The Impact Drinking Parents Can Have on Kids

Scott Pinyard and I recorded a podcast together where we discussed the following common questions around parenting and alcohol:

  1. How do I explain alcohol and drinking in a way that my children will understand?
  2. What’s the best way to talk about alcohol without making it “forbidden”?
  3. Is it counterproductive to apologise to children for drinking?

    Here are the highlights:

    The first question we received was:

    "Hi, I have multiple kids who have been seeing me drank for as long as they can remember. It really wasn't a problem until about two years ago when their dad and I divorced, then things escalated for me. And I've had multiple difficult conversations with them. They've asked me why I do it as much as I do, and why won't I stop? I'm actively working to change this. I'm in the LIVE Alcohol Experiment, and I'm planning on continuing on in the path. Here's my question, I'm not there yet, but I'm working on it. How do I explain this to my kids in a way that they'll understand? I don't want them to think that I drank, or when I have data points now, I do it because I don't care about them?"


    In terms of the kids and the person not caring about them, I think they're very much going to know that you're caring about them because you keep trying. And I think that's the amazing piece of resilience that, Scott, you were talking about there, that ability to be able to pick ourselves back up, get back on with what we're trying to do and demonstrate that for our kids. I think what becomes more and more apparent that things like is so huge in our happiness, and being able to model that for your kids would be just tremendous.

    Scott Pinyard:

    Yeah, I love that. And the other thing that this makes me think of is this idea of explaining to your kids, I find personally that talking to someone who hasn't necessarily dealt with this before, while they might be really supportive, it's a real experiential thing. And by that, I mean, you kind of have to go through it to really understand it. To me, the biggest message here is that you heard your kids and you are working on it. And depending on how old they are... And I don't think it says that in the question... but depending on how old they are, you can talk to them about it. You can tell them some experiences. I mean, my daughter is 11 and she knows what I do for a living and she remembers when I used to drink, and she asks me questions all the time. Not all the questions am I answering all the way with full transparency. I mean she's just 11. But being able to talk about...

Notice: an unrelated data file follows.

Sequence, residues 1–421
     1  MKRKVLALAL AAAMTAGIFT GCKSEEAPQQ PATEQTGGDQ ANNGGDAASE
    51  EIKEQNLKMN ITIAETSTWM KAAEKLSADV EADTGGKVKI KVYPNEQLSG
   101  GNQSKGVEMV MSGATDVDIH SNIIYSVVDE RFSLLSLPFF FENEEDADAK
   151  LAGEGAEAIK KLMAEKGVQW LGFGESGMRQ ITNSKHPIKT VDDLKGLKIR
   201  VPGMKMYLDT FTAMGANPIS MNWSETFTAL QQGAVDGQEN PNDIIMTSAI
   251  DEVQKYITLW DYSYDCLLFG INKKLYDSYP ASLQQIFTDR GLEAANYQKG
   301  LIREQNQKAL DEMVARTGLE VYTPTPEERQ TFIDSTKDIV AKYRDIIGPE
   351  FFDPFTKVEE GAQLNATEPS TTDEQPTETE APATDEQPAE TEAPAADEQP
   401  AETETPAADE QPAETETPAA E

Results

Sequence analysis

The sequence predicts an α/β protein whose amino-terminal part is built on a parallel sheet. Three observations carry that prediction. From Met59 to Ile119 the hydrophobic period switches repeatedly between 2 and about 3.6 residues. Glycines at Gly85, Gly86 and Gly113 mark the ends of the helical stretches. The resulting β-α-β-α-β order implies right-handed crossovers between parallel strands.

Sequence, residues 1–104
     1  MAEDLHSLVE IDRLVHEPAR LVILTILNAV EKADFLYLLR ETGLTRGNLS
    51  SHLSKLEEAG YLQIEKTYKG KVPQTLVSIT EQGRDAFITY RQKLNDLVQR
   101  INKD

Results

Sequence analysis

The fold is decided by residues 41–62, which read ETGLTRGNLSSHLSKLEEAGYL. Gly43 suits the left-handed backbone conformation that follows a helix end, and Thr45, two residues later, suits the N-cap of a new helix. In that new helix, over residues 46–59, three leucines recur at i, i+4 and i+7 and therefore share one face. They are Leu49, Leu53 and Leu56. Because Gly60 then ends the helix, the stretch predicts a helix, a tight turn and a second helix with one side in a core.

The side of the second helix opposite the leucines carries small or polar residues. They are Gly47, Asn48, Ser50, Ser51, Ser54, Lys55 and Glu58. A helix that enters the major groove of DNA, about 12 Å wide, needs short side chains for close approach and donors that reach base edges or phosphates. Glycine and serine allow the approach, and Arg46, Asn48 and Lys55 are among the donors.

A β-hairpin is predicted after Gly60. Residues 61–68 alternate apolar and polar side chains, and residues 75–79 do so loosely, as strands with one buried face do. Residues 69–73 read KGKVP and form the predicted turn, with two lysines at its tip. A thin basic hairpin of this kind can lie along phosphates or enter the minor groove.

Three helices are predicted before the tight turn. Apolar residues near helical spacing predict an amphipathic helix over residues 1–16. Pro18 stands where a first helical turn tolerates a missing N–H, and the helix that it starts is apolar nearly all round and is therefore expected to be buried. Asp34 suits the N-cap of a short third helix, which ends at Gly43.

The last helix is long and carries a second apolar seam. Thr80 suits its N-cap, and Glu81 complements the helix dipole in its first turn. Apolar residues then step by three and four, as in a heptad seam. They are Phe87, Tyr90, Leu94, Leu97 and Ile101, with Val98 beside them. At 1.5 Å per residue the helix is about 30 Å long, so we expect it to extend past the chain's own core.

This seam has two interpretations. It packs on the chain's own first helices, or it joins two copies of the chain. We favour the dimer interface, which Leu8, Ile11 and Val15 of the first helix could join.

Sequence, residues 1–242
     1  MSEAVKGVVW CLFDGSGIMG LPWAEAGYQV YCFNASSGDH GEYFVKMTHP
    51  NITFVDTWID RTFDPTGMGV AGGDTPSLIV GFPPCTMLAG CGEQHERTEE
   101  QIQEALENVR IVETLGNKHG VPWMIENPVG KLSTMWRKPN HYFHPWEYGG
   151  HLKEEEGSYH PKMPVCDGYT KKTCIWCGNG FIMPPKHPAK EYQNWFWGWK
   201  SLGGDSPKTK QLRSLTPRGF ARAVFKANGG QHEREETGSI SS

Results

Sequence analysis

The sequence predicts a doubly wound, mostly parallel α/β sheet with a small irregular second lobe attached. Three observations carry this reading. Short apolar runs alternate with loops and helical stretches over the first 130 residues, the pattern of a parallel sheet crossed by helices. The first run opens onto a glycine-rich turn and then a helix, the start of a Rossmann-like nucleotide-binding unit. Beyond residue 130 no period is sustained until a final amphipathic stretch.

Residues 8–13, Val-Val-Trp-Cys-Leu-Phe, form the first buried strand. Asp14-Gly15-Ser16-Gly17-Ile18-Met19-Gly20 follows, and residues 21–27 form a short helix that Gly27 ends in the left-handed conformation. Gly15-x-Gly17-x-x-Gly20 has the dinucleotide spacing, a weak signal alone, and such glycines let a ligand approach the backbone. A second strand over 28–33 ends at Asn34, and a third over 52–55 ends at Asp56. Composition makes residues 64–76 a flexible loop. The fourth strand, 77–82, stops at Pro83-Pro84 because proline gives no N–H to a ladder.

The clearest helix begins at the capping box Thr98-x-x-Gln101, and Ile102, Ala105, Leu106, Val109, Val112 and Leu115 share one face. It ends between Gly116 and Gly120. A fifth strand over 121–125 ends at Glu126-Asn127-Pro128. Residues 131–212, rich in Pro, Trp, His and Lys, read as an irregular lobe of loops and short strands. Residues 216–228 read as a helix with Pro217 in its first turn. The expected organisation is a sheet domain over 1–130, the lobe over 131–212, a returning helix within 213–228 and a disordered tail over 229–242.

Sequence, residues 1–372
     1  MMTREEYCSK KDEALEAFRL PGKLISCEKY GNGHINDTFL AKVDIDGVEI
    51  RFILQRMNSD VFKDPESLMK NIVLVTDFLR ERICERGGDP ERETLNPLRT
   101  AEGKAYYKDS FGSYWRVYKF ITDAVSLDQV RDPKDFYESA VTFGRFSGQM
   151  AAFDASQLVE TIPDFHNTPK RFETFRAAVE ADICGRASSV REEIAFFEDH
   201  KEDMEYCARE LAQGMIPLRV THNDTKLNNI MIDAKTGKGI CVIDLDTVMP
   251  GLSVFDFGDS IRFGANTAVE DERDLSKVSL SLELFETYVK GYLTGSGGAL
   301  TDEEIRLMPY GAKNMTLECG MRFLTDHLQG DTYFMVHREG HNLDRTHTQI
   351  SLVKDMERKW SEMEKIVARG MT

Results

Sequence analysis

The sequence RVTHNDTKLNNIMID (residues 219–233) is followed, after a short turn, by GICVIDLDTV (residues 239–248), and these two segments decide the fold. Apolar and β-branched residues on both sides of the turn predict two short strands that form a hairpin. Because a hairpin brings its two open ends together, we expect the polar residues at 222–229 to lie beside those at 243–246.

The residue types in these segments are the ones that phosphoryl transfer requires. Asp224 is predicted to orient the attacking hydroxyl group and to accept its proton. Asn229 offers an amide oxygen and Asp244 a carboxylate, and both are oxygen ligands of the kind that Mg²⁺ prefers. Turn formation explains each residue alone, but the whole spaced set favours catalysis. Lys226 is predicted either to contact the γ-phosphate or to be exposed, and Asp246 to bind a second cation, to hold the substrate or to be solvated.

I remember one time she asked me, why did you drink so much? And it was a great opportunity for me to talk about how alcohol is an addictive substance to everybody, right? That's the science that you were referencing before, Emma. And it also gave me a good opportunity to talk about there were some emotions going on for me that I wasn't taking care of really well. So there's always going to be an angle. And again, depending on how old they are, where you can have that conversation.

    And I will also add to that... And I'm sure you have something else to add on to this... but I'll also add to that, that you don't necessarily have to talk to them about every step. They see it, right? In the same way I was talking about having that scotch when I came home every night, they notice it. They notice the changes. And I've heard that from so many people who've gone through this.


    Absolutely, absolutely. I think just being able to offer that to them is so powerful. I know for me, when I stopped drinking, the difference that my kids basically said to me, that they felt like they felt so much safer. They felt so much safer with somebody in the house who was actually in control, who could drive places, and do the things that were needed, and wasn't likely to fall over and stumble, or pass out in the taxi, or those kinds of things.

    Scott Pinyard:

    Yes. Yeah, and that issue of safety, I think, is really interesting, and that presence that we're able to bring to a regular Thursday night instead of that sort of absence, even though we're there physically, they notice that. They get that. So, yeah. So I hope that helps. So the person who wrote in that question, I hope that helps. But there are a lot of opportunities to talk, but there's also a lot of opportunities just to be an example.